The US Preventive Services Task Force (USPSTF) has recommended against the use of beta carotene or vitamin E supplements for the prevention of cardiovascular disease (CVD) or cancer, according to a statement published in JAMA

The USPSTF also concluded that current evidence is insufficient to make a recommendation about the use of multivitamin supplements and single- or paired-nutrient supplements (other than beta carotene and vitamin E) for the prevention of CVD or cancer. 

To update its prior recommendation from 2014, the USPSTF reviewed evidence on the efficacy of supplementation with single nutrients, functionally related nutrient pairs, or multivitamins for reducing the risk of CVD, cancer, and mortality in the general adult population. The USPSTF also assessed potential harms of supplementation.


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Vitamin E Findings

The USPSTF analyzed data from 9 randomized clinical trials on health outcomes associated with vitamin E supplementation. 

A pooled analysis suggested that vitamin E supplements provide no benefit with regard to all-cause mortality after 3 years to 10 years of follow-up. Similarly, there was no benefit with regard to CVD events, CVD mortality, cancer incidence, or cancer mortality.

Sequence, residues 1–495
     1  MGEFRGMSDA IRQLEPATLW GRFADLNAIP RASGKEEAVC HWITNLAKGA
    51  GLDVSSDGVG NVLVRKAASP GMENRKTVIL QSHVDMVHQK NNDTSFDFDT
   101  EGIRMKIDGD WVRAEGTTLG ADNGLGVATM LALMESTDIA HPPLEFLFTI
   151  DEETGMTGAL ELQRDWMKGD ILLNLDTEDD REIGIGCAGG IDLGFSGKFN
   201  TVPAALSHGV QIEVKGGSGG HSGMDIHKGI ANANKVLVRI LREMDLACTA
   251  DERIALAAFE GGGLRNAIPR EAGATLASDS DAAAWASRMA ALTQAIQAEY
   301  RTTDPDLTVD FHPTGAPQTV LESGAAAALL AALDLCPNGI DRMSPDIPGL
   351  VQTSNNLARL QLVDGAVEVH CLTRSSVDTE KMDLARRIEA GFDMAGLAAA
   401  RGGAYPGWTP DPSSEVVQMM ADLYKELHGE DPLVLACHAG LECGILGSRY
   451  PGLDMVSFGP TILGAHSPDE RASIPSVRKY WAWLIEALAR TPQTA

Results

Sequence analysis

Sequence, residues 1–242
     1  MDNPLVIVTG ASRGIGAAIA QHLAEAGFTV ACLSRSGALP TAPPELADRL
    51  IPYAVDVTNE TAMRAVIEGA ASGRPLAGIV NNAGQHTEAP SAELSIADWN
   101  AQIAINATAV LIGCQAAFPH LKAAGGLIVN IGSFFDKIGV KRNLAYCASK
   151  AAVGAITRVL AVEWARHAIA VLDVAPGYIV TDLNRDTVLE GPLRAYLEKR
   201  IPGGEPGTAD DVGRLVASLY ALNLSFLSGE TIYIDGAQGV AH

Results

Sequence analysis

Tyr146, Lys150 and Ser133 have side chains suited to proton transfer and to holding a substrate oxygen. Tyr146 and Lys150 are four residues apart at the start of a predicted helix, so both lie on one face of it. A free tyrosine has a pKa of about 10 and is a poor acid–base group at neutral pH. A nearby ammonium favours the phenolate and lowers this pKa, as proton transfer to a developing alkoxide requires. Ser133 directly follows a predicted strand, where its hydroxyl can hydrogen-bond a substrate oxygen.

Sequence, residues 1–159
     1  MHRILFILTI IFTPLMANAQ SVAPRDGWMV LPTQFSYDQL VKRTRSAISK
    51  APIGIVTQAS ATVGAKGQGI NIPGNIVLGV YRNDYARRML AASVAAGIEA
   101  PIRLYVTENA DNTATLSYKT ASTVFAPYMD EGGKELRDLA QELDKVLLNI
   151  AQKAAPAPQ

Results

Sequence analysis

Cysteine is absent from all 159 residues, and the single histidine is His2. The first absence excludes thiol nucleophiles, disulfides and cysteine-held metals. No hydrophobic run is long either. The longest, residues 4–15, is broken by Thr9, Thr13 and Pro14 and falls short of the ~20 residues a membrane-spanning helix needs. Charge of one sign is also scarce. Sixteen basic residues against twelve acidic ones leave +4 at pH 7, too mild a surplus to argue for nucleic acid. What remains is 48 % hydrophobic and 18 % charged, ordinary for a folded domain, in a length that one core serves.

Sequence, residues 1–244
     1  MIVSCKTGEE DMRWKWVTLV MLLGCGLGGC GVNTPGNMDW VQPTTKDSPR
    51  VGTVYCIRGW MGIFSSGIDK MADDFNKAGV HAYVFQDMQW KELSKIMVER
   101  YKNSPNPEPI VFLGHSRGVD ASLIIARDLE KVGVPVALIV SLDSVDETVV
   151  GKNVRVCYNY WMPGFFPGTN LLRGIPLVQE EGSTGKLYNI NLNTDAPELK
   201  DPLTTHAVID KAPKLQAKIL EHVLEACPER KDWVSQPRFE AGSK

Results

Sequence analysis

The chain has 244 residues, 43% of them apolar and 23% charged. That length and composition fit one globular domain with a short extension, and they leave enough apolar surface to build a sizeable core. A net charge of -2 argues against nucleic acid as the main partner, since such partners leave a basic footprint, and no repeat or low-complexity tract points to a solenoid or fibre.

This led the USPSTF to conclude “with moderate certainty” that there is no net benefit to vitamin E supplementation for the prevention of CVD or cancer.

Beta Carotene Findings

The USPSTF evaluated data from 6 randomized clinical trials reporting on health outcomes with beta carotene supplementation, including 1 trial in which patients received vitamin A supplementation as well. 

A pooled analysis showed a non-significant increased risk for all-cause mortality associated with beta carotene use at 4 years to 12 years of follow-up. A pooled analysis of 5 studies showed a significantly increased risk of CVD mortality as well.

The researchers analyzed 2 studies of patients who smoked or were exposed to asbestos in the workplace. This revealed a significantly increased risk of lung cancer among patients taking beta carotene supplements alone and among patients taking both beta carotene and vitamin A supplements.

Based on these results, the USPSTF concluded “with moderate certainty” that the harms of beta carotene outweigh the benefits for the prevention of CVD or cancer.

The USPSTF noted that more studies are needed to provide information on the effects of vitamin, mineral, and multivitamin supplementation on CVD and cancer outcomes. In particular, more long-term studies are needed to determine whether vitamin D supplementation has an effect on cancer mortality. 

Reference

US Preventive Services Task Force. Vitamin, mineral, and multivitamin supplementation to prevent cardiovascular disease and cancer: US Preventive Services Task Force Recommendation Statement. JAMA. Published online June 21, 2022. doi:10.1001/jama.2022.8970

This article originally appeared on Cancer Therapy Advisor